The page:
1. Bloom will not add much as it's a post process (done quickly after render is complete). But DOF can be quite expensive. The larger the output, the more expensive. And the more time.. BUT, refer to next point regarding the likely culprit of the main performance issue...
2. I suspect your system is running out of GPU memory, and silently falling back to CPU only rendering. (What GPU is in your system?)
This can be quite common actually. We are working with nVidia on ways to provide more direct feedback that this has occurred. At the moment, it's happening silently (so your render will simply continue) and you'll see no indication except:
- Log files will indicate your GPU ran out of memory or had some memory issue...and has fallen back to continue rendering on CPU only.
- The render times will increase drastically, as the CPU only processing is quite a bit slower than GPU accelerated.
Things you can do:
- You can confirm this is the case by looking at the log files. (%programdata%\SOLIDWORKS\SOLIDWORKS Visualize 2018\Log). I think it's the SLDWORKSVisualize-iray.log. Search for "out of memory" or similar.
- Ensure you are not running Visualize main application, while the rendering is running. If you are doing an offline render, while Visualize is also running, you essentially have 2 copies of the scene open...using twice the resources.
- If you're not inclined to upgrade your GPU to get more memory, then you may have to workaround this by trying to significantly simplify the geometry (disabling any internal/non-visible components for example)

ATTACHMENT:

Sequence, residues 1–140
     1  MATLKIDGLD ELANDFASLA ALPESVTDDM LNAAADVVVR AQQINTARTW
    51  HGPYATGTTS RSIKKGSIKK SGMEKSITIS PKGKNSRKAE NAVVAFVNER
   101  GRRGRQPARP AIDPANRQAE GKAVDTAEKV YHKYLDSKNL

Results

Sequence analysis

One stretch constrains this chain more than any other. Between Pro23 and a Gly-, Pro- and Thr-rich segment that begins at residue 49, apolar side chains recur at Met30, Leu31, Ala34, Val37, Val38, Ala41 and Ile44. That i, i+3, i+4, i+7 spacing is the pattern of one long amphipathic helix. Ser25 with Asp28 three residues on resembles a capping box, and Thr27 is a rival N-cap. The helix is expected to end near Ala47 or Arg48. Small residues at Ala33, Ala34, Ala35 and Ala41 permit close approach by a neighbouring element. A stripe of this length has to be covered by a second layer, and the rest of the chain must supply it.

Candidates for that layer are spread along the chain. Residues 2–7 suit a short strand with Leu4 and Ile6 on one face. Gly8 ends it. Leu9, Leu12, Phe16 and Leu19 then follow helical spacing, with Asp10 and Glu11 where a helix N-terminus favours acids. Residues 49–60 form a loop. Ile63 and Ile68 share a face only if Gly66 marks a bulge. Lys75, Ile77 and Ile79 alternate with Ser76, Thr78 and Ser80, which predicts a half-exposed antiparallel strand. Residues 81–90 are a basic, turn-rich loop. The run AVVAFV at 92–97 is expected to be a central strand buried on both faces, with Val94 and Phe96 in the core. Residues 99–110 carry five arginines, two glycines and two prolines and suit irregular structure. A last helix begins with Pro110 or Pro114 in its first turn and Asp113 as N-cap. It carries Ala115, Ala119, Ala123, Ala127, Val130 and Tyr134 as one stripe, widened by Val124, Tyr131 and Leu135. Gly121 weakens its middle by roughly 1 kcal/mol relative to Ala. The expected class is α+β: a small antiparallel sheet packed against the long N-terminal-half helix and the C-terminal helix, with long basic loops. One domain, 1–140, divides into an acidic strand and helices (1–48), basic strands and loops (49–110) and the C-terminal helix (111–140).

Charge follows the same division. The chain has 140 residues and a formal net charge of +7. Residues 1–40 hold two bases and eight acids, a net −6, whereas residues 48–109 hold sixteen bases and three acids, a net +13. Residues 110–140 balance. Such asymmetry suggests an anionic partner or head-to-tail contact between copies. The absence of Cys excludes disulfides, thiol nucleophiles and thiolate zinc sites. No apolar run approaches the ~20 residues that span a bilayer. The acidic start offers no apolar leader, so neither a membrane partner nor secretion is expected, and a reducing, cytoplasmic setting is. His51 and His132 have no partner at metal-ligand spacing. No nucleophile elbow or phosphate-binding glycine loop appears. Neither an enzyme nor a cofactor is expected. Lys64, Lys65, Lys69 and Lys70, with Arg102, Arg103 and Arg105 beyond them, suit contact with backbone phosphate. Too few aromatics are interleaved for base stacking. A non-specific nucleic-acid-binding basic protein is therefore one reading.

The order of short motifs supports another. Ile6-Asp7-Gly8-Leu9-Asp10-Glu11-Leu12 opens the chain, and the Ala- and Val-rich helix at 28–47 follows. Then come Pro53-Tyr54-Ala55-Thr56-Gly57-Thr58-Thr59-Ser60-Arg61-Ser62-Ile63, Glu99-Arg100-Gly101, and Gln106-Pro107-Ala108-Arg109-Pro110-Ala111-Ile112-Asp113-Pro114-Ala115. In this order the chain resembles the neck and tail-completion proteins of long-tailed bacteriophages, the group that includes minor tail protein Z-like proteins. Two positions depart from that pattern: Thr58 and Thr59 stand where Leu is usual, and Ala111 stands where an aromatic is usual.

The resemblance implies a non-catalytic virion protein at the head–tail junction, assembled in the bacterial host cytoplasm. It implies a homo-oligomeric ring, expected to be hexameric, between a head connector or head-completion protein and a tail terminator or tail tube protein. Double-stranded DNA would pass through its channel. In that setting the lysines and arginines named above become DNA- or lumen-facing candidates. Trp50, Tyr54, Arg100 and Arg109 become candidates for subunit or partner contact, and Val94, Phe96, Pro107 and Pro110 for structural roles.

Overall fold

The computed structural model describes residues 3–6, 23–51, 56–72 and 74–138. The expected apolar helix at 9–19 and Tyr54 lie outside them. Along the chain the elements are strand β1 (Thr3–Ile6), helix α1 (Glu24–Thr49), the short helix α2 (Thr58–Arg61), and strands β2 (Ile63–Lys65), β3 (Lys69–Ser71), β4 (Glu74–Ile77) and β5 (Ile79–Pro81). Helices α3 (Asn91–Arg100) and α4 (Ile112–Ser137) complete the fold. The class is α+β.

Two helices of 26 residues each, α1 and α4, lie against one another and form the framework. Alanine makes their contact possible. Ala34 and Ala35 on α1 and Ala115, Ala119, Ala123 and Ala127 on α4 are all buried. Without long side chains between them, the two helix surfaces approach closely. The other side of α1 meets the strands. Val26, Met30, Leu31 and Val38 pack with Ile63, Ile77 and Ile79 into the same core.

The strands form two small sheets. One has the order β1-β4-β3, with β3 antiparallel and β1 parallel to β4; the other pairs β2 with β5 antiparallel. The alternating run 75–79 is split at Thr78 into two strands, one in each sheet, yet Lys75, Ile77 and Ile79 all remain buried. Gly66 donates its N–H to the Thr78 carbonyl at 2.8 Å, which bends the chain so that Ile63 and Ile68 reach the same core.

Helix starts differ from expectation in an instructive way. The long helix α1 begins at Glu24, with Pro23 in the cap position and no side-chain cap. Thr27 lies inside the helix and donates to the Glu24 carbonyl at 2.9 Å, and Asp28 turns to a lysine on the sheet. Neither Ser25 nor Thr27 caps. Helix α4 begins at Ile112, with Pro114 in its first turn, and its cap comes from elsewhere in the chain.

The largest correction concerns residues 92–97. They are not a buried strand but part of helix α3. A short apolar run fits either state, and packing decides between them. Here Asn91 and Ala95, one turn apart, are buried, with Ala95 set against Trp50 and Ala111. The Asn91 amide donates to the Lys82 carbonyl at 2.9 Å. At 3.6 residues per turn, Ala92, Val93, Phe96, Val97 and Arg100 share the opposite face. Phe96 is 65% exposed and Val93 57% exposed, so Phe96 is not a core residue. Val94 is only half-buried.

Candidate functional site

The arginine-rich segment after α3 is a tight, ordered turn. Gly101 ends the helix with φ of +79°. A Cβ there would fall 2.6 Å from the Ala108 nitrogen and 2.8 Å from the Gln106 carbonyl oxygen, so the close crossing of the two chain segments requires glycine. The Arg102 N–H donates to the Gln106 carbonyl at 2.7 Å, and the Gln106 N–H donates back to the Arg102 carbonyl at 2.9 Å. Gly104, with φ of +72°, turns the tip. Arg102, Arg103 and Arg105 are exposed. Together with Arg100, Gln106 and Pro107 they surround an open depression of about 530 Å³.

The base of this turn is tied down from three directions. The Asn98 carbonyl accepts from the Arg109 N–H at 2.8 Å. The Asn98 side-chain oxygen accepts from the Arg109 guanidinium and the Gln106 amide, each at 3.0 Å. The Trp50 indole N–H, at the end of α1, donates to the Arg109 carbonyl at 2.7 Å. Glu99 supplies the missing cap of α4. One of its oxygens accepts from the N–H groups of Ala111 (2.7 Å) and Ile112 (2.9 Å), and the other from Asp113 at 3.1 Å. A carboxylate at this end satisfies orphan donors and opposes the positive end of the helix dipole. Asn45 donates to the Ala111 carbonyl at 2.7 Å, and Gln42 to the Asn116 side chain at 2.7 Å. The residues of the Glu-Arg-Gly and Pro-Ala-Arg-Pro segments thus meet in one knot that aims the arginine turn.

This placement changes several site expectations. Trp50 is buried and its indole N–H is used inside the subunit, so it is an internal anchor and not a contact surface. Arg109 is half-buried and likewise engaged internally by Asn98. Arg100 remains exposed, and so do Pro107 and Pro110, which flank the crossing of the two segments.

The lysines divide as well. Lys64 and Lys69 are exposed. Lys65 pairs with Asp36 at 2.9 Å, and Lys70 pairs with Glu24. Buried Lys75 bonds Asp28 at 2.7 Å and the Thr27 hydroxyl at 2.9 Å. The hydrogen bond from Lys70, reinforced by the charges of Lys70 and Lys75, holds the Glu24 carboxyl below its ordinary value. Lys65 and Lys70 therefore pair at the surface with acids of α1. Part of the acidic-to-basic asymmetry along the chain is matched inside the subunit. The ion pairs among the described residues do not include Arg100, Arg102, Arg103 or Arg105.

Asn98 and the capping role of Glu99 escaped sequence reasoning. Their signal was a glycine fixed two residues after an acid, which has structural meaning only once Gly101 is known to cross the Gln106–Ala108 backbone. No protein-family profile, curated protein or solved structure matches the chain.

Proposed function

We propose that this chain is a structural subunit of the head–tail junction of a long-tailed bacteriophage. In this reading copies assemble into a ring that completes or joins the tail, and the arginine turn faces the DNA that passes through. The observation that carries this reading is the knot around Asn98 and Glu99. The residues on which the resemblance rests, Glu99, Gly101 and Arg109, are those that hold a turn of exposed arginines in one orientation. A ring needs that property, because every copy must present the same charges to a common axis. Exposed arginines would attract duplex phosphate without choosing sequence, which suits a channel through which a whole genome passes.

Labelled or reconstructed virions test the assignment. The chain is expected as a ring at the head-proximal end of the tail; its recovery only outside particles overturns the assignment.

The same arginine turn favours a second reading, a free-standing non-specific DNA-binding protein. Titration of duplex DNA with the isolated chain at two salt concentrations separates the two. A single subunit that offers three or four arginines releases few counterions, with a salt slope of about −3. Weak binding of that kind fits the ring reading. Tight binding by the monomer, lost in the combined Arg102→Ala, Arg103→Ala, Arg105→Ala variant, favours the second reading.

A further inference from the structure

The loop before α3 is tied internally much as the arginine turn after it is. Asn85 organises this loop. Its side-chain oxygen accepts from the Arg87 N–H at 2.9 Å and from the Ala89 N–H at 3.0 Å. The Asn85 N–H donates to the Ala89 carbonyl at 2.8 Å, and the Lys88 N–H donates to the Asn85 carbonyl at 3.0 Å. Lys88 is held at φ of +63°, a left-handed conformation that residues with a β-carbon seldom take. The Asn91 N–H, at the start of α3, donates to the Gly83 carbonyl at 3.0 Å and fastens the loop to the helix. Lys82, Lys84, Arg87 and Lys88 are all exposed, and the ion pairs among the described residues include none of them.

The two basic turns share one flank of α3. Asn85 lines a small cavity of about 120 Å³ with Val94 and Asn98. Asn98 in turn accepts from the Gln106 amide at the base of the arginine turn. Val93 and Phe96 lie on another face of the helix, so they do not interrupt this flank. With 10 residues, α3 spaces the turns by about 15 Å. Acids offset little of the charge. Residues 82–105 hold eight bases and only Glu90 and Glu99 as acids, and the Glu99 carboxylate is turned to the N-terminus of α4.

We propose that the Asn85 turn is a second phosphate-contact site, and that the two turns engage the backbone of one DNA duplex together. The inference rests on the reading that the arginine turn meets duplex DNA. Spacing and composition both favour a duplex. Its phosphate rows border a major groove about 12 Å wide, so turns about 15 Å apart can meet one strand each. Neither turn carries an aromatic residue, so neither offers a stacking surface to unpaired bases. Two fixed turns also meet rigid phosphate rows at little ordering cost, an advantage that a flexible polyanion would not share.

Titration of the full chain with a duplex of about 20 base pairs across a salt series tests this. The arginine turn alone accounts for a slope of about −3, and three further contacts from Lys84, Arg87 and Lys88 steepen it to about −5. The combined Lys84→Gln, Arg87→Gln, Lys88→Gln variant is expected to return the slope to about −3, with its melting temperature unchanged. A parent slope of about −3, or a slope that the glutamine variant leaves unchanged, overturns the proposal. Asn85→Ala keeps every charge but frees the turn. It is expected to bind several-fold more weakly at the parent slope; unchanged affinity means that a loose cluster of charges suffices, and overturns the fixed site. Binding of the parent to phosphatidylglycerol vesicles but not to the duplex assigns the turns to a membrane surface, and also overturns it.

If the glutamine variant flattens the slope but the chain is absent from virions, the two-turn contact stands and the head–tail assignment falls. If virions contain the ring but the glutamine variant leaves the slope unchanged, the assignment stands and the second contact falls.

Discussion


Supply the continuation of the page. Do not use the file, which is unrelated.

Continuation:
Thanks for your swift response.
I will look into the log files tomorrow when I’m back at my desk. To be honest though I’d be surprised if it was running out of GPU power. The GPU I’m running is the 16gb NVIDIA Quadro P5000 card. And it’s not a complex scene at all.
I'd be surprised too if you have a P5000 and a simple scene!
But it could be some other Optix error causing a different sort of issue that still triggers a fallback to CPU. In which case, also search the logs for "cpu" and you may find an entry explicitly indicating it has fallen back to CPU.
I hope that you get a bit of time to relax after SWW and I hope it was a success.
So I looked through the log files and to be honest I have no idea at all what I am looking for so I gave up on that plan.
I also contacted the people that built my computer for me and asked them if there was anything they could do. They thought that it might have been a driver issue, that all rendering was being done through the CPU and onboard graphics and that it actually wasn't communicating at all with the P5000 card. So they completely uninstalled the GPU drivers from the GPU and the CPU (I think) and reinstalled the GPU driver for the P5000 only. I THINK its performing better, though not the rocket-ship increase in speed I was hoping for. They also recommended that I go into the Nvidia control panel and set the PhysX processor to the P5000 which is was not set to before hand.
Definitely though, as I watch the task manager while the queue is running the GPU is showing that it is running at 80-100% and the CPU is down to safer areas around 15%. However, having done a test render against one that I previously did before the driver update, the render took the same time.... So now I'm befuddled!
Any advice? Perhaps I could share my screen with you on a call some time to show you what is happening and see if its all as it should be especially as I have no idea about those log files.
I'm running Dual NVIDIA P5000s, SLI (Dell didn't even offer that as an option last year when I asked for it.)
Be careful and make sure the drivers are supported by Solidworks & Visualize. The drivers that came installed on my machine were newer than what Solidworks supported at the time and it slowed down things considerably. After upgrading to 2018 things seem to be running better for me.
Typically I run in Hybrid, but this maxes out my GPU and CPU